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Famous and noble "Bar Chapel" at Cowling now being demolished.
Keighley News, Saturday, January 23, 1965
Supplied by: Dr John Laycock, Hants.
 

ANOTHER fine old Nonconformist church is now being demolished. It is the former United Methodist Church, Cowling, better known as "Bar Chapel"
Older member of the community recall the past and the influence it had on village life.
It is clear that when plans were drawn up for this stately church it was foreseen that, with the invention of the power loom, there would be a rapid increase in population. It was built to hold about 750 people.
During the years which have followed the official opening on October 14. 1882. many notable preachers have stood in its pulpit and only a few months before it was closed. some six years ago there was a formidable mid-week gathering to hear Dr Donald Soper.
Musically it held a reputation in the area for the high standard maintained in both choral work and oratorios.
First class soloists such as Isobel Bailey. Stiles Allen. Heddle Nash and Harold Williams, have helped to fill it to capacity on many occasions.

AFTER EXPULSION
The church`s Centenary and Jubilee handbook points out that in 1830 three local preachers and 13 other member of the Wesleyan Church were expelled by the Superintendent Minister and they started holding serviced in the Middleton Baptist Chapel, which had fallen into disuse.
By 1832 it was possible to plan the erection of the "Bar Chapel" to be built "hard by" the toll bar at Winkholme Top.
It is interesting to note that the church was known as "Bar Chapel, Ickornshaw" The village of Cowling developed later with the new road over the Moss to Lancashire.

COST 5,501
As years went by it was felt there was a need for a large church and a site was purchased from Boocock`s Charity for 1,030 and by the time the foundation stone was laid in 1881 2,500 had been raised towards the total cost of 5,501 for land and premises.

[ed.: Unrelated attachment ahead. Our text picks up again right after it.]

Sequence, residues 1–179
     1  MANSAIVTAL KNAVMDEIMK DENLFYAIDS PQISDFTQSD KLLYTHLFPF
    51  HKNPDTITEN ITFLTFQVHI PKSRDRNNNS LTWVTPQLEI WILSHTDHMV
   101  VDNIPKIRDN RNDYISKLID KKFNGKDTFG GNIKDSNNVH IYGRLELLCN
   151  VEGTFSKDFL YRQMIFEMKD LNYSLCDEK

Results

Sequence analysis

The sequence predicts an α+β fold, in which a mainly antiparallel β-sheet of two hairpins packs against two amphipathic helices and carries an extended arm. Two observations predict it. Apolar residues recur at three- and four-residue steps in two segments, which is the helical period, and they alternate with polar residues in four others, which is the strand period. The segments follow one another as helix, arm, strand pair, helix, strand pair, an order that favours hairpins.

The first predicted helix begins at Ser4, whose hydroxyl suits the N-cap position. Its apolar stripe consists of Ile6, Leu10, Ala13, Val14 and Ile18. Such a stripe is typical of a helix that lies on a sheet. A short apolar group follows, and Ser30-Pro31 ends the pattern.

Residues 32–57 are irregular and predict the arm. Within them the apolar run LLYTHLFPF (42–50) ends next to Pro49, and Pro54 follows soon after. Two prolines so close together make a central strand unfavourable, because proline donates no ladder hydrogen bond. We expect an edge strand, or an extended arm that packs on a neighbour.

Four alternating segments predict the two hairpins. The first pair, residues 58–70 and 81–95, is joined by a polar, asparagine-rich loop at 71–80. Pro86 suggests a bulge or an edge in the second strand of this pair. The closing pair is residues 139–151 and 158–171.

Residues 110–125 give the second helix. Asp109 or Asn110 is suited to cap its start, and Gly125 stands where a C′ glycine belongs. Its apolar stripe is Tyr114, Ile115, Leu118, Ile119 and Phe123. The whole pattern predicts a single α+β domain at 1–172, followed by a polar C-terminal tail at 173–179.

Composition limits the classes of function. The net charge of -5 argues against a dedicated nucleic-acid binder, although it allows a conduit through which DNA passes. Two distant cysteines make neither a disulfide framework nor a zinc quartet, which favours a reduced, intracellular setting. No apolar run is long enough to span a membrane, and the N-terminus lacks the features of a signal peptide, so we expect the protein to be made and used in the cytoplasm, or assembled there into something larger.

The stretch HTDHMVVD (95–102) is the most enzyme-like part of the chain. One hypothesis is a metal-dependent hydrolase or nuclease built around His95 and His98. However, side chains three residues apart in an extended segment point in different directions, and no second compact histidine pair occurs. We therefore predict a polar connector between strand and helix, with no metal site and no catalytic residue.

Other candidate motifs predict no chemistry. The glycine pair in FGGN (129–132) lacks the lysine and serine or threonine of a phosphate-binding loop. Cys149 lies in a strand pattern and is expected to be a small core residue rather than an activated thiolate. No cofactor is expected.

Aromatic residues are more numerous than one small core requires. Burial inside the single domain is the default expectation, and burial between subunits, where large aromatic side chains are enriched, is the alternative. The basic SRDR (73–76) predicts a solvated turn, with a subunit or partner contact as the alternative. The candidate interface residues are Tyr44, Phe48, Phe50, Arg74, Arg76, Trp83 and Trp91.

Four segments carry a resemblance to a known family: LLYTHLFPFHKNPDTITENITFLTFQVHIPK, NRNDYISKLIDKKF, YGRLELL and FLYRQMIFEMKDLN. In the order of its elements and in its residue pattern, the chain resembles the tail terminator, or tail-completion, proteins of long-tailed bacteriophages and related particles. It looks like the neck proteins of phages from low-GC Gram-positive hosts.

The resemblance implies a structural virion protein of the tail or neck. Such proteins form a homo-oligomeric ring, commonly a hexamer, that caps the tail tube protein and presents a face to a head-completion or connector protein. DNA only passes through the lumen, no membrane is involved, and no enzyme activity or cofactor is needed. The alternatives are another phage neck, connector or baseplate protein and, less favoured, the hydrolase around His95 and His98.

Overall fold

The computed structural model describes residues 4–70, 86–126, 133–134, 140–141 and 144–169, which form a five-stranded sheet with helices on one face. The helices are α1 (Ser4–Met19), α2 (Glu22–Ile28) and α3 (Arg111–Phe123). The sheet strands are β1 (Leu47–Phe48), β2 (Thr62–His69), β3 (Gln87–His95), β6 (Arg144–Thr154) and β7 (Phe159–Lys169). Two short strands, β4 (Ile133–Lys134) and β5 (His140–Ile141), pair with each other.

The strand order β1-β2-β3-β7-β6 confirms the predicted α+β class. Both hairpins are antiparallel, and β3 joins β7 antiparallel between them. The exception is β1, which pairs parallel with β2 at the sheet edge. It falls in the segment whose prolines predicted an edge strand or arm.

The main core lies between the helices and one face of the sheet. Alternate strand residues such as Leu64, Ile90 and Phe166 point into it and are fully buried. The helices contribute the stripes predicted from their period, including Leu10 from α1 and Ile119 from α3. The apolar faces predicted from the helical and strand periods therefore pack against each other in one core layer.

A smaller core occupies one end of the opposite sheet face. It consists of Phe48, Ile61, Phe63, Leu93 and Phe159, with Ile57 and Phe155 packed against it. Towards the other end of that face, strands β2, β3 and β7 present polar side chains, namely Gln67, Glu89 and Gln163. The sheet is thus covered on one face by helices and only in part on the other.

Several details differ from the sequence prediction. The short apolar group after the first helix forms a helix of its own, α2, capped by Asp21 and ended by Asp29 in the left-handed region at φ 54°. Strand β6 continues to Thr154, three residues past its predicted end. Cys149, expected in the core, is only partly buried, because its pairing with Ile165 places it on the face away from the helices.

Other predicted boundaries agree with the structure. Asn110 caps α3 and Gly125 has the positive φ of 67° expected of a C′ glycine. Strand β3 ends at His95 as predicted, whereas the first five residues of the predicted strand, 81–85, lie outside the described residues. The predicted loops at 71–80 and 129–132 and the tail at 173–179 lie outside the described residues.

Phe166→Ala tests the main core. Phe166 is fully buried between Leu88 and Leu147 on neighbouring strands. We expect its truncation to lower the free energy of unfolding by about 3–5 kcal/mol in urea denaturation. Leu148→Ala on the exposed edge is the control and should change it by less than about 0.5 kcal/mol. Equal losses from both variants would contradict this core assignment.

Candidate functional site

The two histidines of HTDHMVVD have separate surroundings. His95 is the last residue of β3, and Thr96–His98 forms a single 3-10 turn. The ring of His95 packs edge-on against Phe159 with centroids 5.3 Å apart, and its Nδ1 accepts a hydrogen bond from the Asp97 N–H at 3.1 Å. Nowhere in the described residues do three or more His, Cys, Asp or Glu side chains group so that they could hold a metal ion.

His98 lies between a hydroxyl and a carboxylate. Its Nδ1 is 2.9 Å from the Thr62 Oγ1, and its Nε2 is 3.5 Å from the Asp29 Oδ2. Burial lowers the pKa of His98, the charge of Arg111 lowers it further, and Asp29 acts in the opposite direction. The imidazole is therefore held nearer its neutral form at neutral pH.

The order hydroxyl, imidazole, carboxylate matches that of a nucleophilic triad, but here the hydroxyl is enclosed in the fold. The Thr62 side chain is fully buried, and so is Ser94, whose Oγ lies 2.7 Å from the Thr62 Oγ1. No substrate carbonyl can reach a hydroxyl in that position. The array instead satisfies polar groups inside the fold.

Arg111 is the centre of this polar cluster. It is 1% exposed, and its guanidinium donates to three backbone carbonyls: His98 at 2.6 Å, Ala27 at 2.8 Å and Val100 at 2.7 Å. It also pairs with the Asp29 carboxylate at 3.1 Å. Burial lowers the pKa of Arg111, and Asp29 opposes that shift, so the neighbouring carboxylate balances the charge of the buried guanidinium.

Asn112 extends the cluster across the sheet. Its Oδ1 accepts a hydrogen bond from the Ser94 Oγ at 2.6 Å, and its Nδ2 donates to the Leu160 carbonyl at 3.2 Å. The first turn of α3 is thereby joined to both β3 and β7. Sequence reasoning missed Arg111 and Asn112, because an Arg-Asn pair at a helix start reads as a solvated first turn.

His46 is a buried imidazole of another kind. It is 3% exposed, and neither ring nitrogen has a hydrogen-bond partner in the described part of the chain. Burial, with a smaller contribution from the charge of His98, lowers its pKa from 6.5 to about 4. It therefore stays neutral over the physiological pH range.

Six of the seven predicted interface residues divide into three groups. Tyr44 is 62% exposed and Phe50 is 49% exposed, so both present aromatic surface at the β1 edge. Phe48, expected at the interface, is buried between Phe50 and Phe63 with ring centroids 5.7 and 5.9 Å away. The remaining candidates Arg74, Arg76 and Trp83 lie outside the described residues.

Within the next few years a Sunday School was added at a further cost of 2.500. This was capable of seating 500 persons but this number has now been reduced because of fire regulations.
This Sunday school is the largest and best hall in the village and it was here that the reception was held to pay tribute to the local lad, Phillip Snowden, on becoming Chancellor of the Exchequer.
An excellent stage was built and celebrity concerts, pantomimes, brass band concerts and in more recent years, the Methodist Players, inspired by the enthusiasm of the late Mr Horace Whitaker, have filled the hall on many occasions.

RESIDENT MINISTER
Latterly however the schoolroom has taken on a more important role in the furtherance of Methodism because since the church was closed it has been used for worship as well as by the Sunday School/
In 1905 it was decided that Cowling should have it`s own resident minister and the Rev. Bruce White was appointed, But it was not until 1912 that a house was bought to serve as a manse.
Later on joining the Cross Hills, Silsden and Cowling Circuit the resident minister was in charge of all three Methodist churches in Cowling.
Although this church which was built in a most commanding position overlooking not only the village of Cowling but also the hamlets of Ickornshaw and Middleton is being demolished the foundations are now being prepared for the erection of a new and more central church on the Walton Street site.

RAISING MONEY
The church there was demolished at the beginning of the year and members of both the churches have been planning and raising money to meet the cost of this church which it is hoped will be in use before the end of 1965.
Mr Reginald Smith who along with other member of his family has been closely commented with the Walton Street church points out that the beginnings of Walton Street arose for the week-night cottage meetings held by members of the Ickornshaw Wesleyan Chapel as it was known then who lived in New Road Side.
Eventually it was felt that there was a need of a separate room to accommodate this week-night meeting and a hut was erected in Fold Lane which for a few years replaced the cottage meeting.
About this period there was considerable development going on in the village and this led to the purchase of the Walton Street site and the subsequent erection of the church. This building was not intended as a permanent structure but merely to serve the need ad that time.

 
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